Eco-friendly small business practices are great for the environment and your budget. Many eco-friendly strategies are designed to reduce consumption, so they help cut costs on everything from packing supplies to electricity. Going green can also boost profits; when your operations, products, and packaging are green, customers can feel great about supporting your business.
From packaging scraps to printer paper, small businesses produce a considerable amount of garbage. You can spend less on disposal fees by finding ways to reduce waste. Your break room might be a surprising culprit. Cut back on trash by using larger containers of cream and sugar instead of individually packaged versions. Consider a ban on disposable plastic water bottles, and install a water cooler. If you find yourself hauling away bags full of takeout boxes, ask employees to use reusable containers. In exchange, stock the kitchen with standard dishes and utensils to generate less trash and cut supply costs. Around the building, reduce waste with:
- Air dryers
- Bulk cleaning solutions
- Reusable air filters
- Shredded office paper as packing material
To get employees on board, the Recycling Council of Ontario suggests you use contests and incentives. Give a gift card to the employee who produces the least garbage, or offer a prize for the most creative waste-reduction idea.
Instead of sending solid waste to a landfill, find creative recycling options. Start by recycling anything you can’t reuse: cardboard packaging, plastic film, broken electronics, and paper. Consider supporting nonprofits or local organizations by donating used furniture and equipment. If you use fluorescent lighting, remember to recycle the tubes when they burn out. The bulbs contain mercury, so it’s important to bring them to a recycling center. If your business generates food waste, be sure to check your city’s requirements. In Vancouver, local law requires you to separate and recycle food scraps. Instead of paying a hauler to take scraps, save money by partnering with nearby businesses to install an organics management system. You can donate the compost to local residents, farmers, or community gardens, a benefit for the area and an easy way to reduce long-haul transportation emissions. Another great recycling option is the Waste Exchange Network, a website that allows you to post your commercial waste for others in your province to claim. In this case, one person’s trash is definitely another’s treasure; users offer everything from used fryer oil to drywall scraps.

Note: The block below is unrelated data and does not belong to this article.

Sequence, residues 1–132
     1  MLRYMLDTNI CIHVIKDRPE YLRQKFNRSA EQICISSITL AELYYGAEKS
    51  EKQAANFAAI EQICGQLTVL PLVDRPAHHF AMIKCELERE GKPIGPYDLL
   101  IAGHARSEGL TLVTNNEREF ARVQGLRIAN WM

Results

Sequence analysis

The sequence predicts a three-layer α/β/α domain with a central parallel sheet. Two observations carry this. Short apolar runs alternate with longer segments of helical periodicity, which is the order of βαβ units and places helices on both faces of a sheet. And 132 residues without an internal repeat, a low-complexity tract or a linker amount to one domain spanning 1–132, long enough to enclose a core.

Adjust Your Packaging Plan
In homes across the country, plastic shopping bags overflow drawers and cupboards, and often make their way to landfills. Your company can help the environment by charging customers per bag. In the six months after English stores began charging for bags, total usage dropped by 85%. This strategy allows you to order fewer bags, which reduces your use of fossil fuels. Plus, since you’re passing on the cost to customers, you can spend less on supplies. If you have control over packaging, you can expand your impact by switching to reusable containers. Straus Family Creamery in California packages milk in glass bottles and charges a deposit. Customers get their deposit back when they return the bottles, which are then cleaned and reused. With a similar strategy, your business can buy fewer containers and send less to the landfill.
Audit Utility Use
Use fewer resources and slash utility bills by streamlining your company’s power, gas, and water usage. Small steps can help you make a difference right away:
- Turn off cash registers, computers, and office equipment at night.
- Invest in motion-sensor lights for your freezers and refrigerators.
- Use natural light for illumination whenever possible.
- Install energy-efficient fixtures and equipment when it’s time for replacements.
- Replace incandescent bulbs with LEDs.
Then, take a closer look at your operations with a facilities audit. Work with a professional auditor to find heat leaks, poor insulation, or high water usage. If you want a DIY option, the Energy Savings Toolbox from Natural Resources Canada guides you through the process. By finding and fixing inefficient areas, such as drafty windows or leaky pipes, you can avoid wasting expensive utilities.
Choose Green Energy Sources
Depending on where in Canada your business operates, you may be able to choose your utility provider. If that’s an option, try to select a company that uses sustainable hydro, geothermal, solar, or wind sources. Look to companies such as Just Energy, which offer green energy plans that use renewable energy credits to offset standard power usage. If you have the space and the investment capital, you can generate your own electricity with a small renewable system, such as solar panels or wind turbines. The system covers a percentage of your company’s energy needs, automatically reducing monthly bills. Plus, if you produce extra power, your utility company may offer compensation. In Québec, Hydro-Québec gives you credits for excess power that’s fed into the grid. During months when you need to draw from the grid, these credits offset the cost.
Investigate Tax Incentives
In some cases, going green can help you save money on your tax bill. The government provides a range of Canadian tax incentives and other benefits for businesses that go green. Programs vary by province; to start, check out the Canada Business Network listings. In Nova Scotia, for example, you can receive rebates when you buy energy-efficient items, as of March 2017. By making the effort to go green, you can show customers you’re committed to sustainability, all while cutting costs. As a result, you can improve your image and boost business from eco-friendly shoppers.